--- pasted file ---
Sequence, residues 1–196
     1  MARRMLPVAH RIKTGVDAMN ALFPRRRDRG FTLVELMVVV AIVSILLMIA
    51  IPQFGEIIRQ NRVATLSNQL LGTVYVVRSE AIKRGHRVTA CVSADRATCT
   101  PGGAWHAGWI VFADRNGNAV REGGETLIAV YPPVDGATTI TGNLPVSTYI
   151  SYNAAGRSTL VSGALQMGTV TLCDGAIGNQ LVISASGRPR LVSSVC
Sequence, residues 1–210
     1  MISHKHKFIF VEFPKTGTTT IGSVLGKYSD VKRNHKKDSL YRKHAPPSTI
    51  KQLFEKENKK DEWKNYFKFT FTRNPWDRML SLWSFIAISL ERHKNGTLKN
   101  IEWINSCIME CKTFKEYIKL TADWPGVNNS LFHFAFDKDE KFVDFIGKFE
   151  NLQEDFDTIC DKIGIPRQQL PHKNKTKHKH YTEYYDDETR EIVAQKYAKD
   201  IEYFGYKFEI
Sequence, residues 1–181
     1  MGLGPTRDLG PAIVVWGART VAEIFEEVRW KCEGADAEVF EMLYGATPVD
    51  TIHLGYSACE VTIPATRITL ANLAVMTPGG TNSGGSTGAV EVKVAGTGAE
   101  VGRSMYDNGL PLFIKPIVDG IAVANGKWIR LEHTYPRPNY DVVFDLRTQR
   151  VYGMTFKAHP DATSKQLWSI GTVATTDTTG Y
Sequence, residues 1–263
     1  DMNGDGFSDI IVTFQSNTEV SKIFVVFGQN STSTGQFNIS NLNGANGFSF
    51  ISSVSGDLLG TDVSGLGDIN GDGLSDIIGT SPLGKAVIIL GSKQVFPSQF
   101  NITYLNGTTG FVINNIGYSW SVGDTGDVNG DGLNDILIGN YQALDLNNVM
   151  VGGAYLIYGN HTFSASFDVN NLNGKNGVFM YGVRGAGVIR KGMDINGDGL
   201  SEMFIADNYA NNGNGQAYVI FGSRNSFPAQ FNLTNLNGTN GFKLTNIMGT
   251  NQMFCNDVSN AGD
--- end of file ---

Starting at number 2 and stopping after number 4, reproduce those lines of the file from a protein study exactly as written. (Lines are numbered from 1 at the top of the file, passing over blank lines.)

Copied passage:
     1  MARRMLPVAH RIKTGVDAMN ALFPRRRDRG FTLVELMVVV AIVSILLMIA
    51  IPQFGEIIRQ NRVATLSNQL LGTVYVVRSE AIKRGHRVTA CVSADRATCT
   101  PGGAWHAGWI VFADRNGNAV REGGETLIAV YPPVDGATTI TGNLPVSTYI